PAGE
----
Antisemitism cases rose dramatically in 2021, report reveals
The US, Canada, the UK, Germany and Australia are highlighted as nations where a sharp rise has occurred
The number of worldwide antisemitic incidents rose significantly last year, a report by Tel Aviv University has found.
The US, Canada, the UK, Germany and Australia are highlighted as nations where a sharp rise has occurred.
The report attributes a rise in radical left and right wing political movements, as well as incitement on social media.
The report has been unveiled ahead of Israel's Holocaust Remembrance Day, which begins on Wednesday night.
Known in Israel as Yom HaShoah, the occasion remembers the six million Jews murdered by Nazi Germany across Europe during World War 2.
The Antisemitism Worldwide Report 2021, created by the Center for the Study of Contemporary European Jewry at Tel Aviv University's Faculty of Humanities, looks at analysis of studies from around the world, on top of information from law enforcement bodies, the media and Jewish organisations.
The report says that in 2021 there was "a significant increase in various types of antisemitic incidents in most countries with large Jewish populations".
The report states that the number of anti-Jewish hate crimes recorded in Los Angeles and New York were almost twice that of the previous year.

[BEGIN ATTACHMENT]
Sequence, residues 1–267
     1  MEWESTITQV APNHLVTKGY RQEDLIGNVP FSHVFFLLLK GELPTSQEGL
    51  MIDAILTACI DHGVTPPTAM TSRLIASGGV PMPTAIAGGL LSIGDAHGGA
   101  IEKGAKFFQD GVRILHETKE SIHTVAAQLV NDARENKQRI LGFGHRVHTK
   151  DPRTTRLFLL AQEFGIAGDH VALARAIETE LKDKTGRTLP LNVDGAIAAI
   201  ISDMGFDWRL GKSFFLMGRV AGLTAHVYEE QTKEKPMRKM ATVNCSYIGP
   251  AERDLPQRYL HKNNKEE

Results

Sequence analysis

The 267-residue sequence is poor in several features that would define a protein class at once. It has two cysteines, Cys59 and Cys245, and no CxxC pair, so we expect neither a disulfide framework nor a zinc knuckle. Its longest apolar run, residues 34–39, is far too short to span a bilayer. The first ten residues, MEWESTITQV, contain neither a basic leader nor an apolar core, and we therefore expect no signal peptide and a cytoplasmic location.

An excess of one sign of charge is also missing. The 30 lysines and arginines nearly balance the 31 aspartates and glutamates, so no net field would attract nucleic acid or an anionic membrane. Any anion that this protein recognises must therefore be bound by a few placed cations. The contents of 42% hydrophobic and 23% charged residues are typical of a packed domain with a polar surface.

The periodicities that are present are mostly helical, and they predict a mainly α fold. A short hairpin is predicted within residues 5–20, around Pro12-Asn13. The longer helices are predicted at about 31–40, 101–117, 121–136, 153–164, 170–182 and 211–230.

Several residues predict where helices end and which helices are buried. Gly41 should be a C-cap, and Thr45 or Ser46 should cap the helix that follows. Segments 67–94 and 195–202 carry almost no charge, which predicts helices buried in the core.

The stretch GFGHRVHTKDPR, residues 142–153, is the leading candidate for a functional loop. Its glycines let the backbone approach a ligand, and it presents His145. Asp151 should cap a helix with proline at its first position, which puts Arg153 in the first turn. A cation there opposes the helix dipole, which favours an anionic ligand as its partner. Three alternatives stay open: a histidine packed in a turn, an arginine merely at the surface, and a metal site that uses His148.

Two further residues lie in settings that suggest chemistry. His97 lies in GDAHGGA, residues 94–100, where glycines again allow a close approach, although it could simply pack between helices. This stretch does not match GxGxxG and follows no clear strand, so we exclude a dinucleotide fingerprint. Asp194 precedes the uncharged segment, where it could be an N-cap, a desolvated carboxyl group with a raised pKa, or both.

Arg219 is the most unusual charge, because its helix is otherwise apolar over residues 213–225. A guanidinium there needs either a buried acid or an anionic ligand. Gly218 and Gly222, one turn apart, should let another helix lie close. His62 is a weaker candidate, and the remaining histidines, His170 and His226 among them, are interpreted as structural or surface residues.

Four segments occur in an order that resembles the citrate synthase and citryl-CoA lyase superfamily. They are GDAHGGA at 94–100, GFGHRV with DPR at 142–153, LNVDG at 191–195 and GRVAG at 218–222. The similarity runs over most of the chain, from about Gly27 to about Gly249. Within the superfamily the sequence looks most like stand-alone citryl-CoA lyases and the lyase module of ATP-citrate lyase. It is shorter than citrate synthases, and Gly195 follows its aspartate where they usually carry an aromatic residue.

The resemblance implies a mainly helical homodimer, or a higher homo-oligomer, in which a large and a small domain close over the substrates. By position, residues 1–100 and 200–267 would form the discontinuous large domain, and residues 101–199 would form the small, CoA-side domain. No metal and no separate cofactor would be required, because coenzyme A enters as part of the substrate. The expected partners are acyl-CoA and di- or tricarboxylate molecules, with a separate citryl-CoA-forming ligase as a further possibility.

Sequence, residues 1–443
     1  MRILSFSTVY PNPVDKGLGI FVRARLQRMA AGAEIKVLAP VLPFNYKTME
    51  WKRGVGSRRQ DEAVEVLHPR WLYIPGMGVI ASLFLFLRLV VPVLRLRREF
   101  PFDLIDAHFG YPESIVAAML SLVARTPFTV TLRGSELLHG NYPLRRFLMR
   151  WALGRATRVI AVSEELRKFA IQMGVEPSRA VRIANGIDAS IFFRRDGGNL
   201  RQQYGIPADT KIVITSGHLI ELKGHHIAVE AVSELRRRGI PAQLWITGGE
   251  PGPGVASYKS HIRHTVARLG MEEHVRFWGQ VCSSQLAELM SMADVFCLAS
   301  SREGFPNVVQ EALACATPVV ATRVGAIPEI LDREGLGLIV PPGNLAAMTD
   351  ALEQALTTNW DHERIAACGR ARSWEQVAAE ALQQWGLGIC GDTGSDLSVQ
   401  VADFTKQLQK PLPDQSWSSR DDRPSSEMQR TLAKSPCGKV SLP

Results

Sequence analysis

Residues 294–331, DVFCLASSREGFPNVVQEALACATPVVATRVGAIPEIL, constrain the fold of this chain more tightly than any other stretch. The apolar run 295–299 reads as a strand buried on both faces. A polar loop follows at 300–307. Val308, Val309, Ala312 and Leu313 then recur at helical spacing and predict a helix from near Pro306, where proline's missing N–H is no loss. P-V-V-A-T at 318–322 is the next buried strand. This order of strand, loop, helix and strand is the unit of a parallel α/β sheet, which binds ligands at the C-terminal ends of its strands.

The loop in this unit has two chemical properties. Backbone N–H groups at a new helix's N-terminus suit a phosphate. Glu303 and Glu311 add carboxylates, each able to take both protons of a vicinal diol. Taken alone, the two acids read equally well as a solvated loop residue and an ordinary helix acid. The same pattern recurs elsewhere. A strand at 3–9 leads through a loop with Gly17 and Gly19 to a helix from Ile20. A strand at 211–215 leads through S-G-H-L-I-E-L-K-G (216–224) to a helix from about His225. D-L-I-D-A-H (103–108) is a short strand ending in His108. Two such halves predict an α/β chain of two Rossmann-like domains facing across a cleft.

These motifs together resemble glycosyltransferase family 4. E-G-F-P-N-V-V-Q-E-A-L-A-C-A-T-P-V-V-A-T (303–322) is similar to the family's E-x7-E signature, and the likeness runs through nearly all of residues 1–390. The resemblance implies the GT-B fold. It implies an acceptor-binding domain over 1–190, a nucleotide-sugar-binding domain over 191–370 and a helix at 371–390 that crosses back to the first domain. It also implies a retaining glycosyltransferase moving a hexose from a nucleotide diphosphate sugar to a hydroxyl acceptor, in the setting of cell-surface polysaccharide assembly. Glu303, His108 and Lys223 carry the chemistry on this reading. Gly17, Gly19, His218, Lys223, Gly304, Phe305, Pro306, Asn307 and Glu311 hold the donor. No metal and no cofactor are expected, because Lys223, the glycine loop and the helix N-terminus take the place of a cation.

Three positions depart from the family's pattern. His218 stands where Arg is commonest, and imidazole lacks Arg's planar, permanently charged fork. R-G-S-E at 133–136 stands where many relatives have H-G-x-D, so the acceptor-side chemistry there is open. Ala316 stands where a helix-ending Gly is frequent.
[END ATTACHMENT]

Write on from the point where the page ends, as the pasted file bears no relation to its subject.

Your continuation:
The finding state France saw a 75 percent rise of antisemitic incidents compared with 2020, whilst a leading Jewish group in Canada reported a 40-year record in anti-Semitic physical violence in one month, August.
The UK's number of recorded physical assaults against Jews rose by 78 percent compared with 2020, according to the report.
The report hits out at social media over their "vast reach" which has been used to "spread lies and incitement".
It played an "exceptionally alarming role" in the rise of antisemitic incidents, the report says.
The study says: "The data raise concerns regarding the utility of legislation and agreements reached with social media companies on banning antisemitic expressions from their platforms.
"The gravest concern is the dark web, which shelters extremists and where anti-Semitic content is freely and openly spread," it warns, referring to a part of the internet only accessible through special browsing software.
The report also says conspiracy theories surrounding the Covid-19 pandemic are fuelling anti-Jewish hate crimes.
It reads: "Right at the outset of the pandemic in 2020, conspiracy theories began to sprout around the world, blaming the Jews and Israel for spreading the virus.
"The lockdowns, which glued people to their screens at home, contributed significantly to popularising toxic anti-Semitic discourse on social networks.
"In 2021, when the lockdowns were gradually eased, antisemites returned to the streets."